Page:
Pantheism is the belief that everything that exists constitutes a unity and that this all-inclusive unity is divine. It appears to be the position of some ancient Greek philosophers (the Eleatic school), the Vedas of India, several 18th century German idealists including Fichte, Schelling, and Hegel, but was perhaps developed most impressively by Baruch Spinoza. He argues that the structure of the universe involves only one substance (not a multiplicity) – which is ‘God’ and ‘Nature.’ God is the immanent cause of the world and divine by virtue of being the source of the infinite, uncaused and eternal. Opponents note that there does not appear to be a unity of things except in the predicate of existing, but existence is not a genus. Also the traditional concepts of divinity cannot be demonstrated by virtue of simple causality or duration.3

Finally there is the naturalistic reformulation of religion where one believes there is no supernatural reality, but one can substitute it with worship of nature meaning either (1) man’s prior achievements and ability – known as religious humanism, or (2) nonhuman nature. August Comte, the famous 19th century Positivist, following the former approach developed a religion modeled on Roman Catholicism, but based on service to humanity as the noblest ideal and universal love as the highest happiness. John Dewey embraced a less structured religious humanism where God can be seen as “the unity of all ideal ends arousing us to desire and action.”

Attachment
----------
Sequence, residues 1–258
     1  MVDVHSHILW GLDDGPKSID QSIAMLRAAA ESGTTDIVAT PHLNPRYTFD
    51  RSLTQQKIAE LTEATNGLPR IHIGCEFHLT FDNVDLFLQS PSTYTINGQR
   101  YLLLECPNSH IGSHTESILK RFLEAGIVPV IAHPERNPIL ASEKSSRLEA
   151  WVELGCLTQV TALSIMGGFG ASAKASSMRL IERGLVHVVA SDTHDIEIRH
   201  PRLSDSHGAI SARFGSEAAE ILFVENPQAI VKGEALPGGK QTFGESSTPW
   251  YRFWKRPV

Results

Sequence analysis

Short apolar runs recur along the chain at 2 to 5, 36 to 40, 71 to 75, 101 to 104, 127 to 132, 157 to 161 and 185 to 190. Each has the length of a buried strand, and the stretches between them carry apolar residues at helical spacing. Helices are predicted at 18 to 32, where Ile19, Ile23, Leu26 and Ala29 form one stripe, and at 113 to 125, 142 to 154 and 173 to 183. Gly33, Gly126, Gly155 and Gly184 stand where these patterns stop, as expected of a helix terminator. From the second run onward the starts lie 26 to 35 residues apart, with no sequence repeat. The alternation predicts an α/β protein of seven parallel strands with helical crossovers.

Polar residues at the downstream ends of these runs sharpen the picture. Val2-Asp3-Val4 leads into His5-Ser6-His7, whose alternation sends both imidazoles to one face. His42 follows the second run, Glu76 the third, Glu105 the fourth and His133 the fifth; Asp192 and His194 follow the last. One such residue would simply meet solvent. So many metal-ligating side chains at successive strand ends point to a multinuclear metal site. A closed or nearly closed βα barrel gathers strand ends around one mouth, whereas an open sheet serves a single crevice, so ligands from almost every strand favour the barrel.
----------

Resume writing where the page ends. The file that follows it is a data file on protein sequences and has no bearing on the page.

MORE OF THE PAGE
Alternatively, Julian Huxley proposed ‘Evolutionary Naturalism’ where the universe is seen as an indefinitely extending creative process and man serves as the chief agent in this process on Earth. Opponents including atheists such as Russell and Sartre counter that these views of religion makes no factual judgments at all, that man is a pallid substitute for God, and that they reflect a lingering attachment to traditional religion.4

This completes our brief review of the arguments and positions considered by most philosophers on the question of God. As in many philosophical areas, there is no certainty, but the importance of religious experience and the need for an ethical approach to ultimate reality will require a choice or even a decision not to choose. Personal reflection may incline you to one or another choice, but if not, the next three posts offer my formulation based on years of cogitation.


1Runes, Dagobert D., Dictionary of Philosophy. Philosophical Library, New York, 1960, p.26.

2Edwards, Paul (editor), The Encyclopedia of Philosophy. Macmillan Publishing Co., Inc. & The Free Press, 1972.   Volume 1, pages 56-59.

3Edwards, Paul (editor), The Encyclopedia of Philosophy. Macmillan Publishing Co., Inc. & The Free Press, 1972.   Volume 6, page 31-35.

4Edwards, Paul (editor), The Encyclopedia of Philosophy. Macmillan Publishing Co., Inc. & The Free Press, 1972.   Volume 7, page  145-147.





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